Fleisher was born to Russian parents in Haifa, where he lived until age 8. His family moved to America for economic reasons. Although he went to Jewish schools, he craved more of a connection to Israel and couldn’t stay away for long. He skipped his senior year and at 17, went back to Israel to study in Yeshiva and serve in the army as a paratrooper. After an injury, Fleisher returned to America to study at Yeshiva University and obtain a post-graduate degree at Cardozo Law School. There, he met his wife Malkah. The two moved to Israel to get married and establish their home. In the interview, Fleisher didn’t deny that there’s an atmosphere of tension in Israel and that they have to be vigilant, but living in Israel and raising a family there is something he never questions.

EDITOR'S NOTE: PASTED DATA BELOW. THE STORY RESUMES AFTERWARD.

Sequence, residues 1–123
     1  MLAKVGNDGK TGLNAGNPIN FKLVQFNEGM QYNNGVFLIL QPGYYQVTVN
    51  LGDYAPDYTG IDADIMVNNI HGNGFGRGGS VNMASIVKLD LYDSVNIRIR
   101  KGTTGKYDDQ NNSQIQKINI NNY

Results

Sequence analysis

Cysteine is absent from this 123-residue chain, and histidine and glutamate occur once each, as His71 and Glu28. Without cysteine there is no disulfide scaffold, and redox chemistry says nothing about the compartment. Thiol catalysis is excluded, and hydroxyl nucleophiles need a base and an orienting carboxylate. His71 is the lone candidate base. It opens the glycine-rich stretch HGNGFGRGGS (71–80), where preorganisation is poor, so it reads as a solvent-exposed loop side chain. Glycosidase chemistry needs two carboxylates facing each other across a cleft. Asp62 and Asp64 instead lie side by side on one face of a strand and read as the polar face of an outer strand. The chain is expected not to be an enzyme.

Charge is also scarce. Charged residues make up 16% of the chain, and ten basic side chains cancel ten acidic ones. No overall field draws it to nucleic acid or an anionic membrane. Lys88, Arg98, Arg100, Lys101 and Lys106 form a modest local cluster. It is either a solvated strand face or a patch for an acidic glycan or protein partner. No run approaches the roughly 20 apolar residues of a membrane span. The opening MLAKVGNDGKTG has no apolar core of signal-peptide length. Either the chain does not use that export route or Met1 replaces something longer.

Fleisher emphasized that at the end of the day Israel is the homeland of the Jews. Residents can be critical of the nation’s politics and of the current state of warfare, but they should do it without fear and argue about it in their own nation. There are many enticing countries out there, Fleisher said, but Israel needs to be number one.

Watch the interview with Yishai below:

UPDATE: Terror Attack Kills 7 Israeli Tourists In Bulgaria

Wednesday, July 18th, 2012

As news of the passing of Torah sage and leader of Lithuanian Jewry Rav Yosef Shalom Elyashiv cast a pale of sorrow over Israel, breaking news of a suicide bombing attack against Israeli tourists in Bulgaria sent shock waves across the country.